In a meeting that took place earlier this month, President Bowen wanted to hear the opinions of what current students would like to see in the future physical spaces at Goucher. This action is being led by students in the Stimson Area and Student Space Project Working Group, as well as various members of faculty and staff. It was here that two scenarios of the possible changes to the Goucher campus were revealed. Scenario one showed the rebuilding of both Froelicher and Stimson halls. Here, Frolicher would become a “first year village,” consisting of mostly double rooms, and Stimson would become apartments including full kitchens for upperclassmen. At this time, there are no full apartments on the Goucher campus. The concept to house all of the first year students in one location is to help the first year retention rate by ensuring that first years are together and able to connect to their peers while also being close to the many surrounding facilities.
What about Stimson dining? Dean Bryan Coker explained that Goucher will be moving towards central dining in one large location in Mary Fisher, leaving Hooper and Dulaney as they are. This new space would be an additional 3000 square feet, being large enough to hold all of the current eating options we have in one large location. Since this location will be closer to academic buildings, it is anticipated that it will not only be more convenient for students, but it will also allow faculty and staff to join students for meals.
In the second scenario, Stimson would stay and housing would be built above and around the dining hall. The future Goucher is still very early in the stages of planning and no decisions have been made. These outlines are important for President Bowen to use to fundraise and both options are still being considered from a cost and fundraising standpoint “Scenario two might be cheaper in the short term, but in the long term Frolicher has to come down anyway,” Bowen said.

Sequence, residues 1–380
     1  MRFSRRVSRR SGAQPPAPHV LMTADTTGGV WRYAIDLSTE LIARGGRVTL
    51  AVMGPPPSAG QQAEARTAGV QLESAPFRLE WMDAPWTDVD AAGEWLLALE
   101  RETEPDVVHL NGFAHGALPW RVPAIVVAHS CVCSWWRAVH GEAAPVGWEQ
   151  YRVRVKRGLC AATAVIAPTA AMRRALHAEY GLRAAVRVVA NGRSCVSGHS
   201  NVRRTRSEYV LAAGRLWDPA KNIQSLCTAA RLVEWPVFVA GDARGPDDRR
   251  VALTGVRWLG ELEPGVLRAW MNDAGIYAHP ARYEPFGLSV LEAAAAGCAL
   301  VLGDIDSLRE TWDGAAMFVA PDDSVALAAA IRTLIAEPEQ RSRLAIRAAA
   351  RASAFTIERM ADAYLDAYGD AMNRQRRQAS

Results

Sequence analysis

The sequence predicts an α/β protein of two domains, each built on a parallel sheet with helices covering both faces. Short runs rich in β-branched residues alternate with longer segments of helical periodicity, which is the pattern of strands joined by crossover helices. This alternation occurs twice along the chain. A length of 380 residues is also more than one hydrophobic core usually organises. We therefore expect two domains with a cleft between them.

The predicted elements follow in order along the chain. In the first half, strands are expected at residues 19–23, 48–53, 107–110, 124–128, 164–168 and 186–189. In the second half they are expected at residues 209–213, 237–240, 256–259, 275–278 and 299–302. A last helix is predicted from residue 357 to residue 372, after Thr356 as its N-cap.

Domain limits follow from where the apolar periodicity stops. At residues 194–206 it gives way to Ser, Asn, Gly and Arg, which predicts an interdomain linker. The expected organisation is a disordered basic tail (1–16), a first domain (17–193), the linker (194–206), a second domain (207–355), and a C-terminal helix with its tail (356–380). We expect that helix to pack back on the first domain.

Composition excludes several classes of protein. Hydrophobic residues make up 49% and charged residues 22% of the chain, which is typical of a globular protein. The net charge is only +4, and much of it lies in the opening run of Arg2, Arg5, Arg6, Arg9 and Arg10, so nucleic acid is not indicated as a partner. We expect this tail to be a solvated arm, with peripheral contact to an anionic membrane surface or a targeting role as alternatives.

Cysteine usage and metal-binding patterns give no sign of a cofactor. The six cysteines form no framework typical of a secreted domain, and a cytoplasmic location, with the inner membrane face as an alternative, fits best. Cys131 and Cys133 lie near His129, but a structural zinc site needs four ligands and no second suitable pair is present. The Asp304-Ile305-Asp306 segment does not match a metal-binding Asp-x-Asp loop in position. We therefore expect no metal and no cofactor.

At the meeting, students expressed concerns about the intention behind building apartments for upperclassmae, hoping that this was not to create a situation where students would be forced to live on campus for all four years. Bowen agreed that is it not a good situation when the college has to reject student requests for living off campus. Yet at the same he would like to make it more appealing for upperclassmen to stay a part of the Goucher community.
Bowen addressed the fact that only 31% of current faculty members live in Towson. With the new buildings, Goucher is also considering adding faculty apartments to the dorms. In the far future, Bowen hopes to be able to create a section of faculty housing near the academic buildings.
When can Goucher expect to see any of these changes? Realistically, construction will begin in the summer of 2016. While the majority of the current students will not be here to experience any of these changes, students are encouraged to provide feedback for the future of Goucher.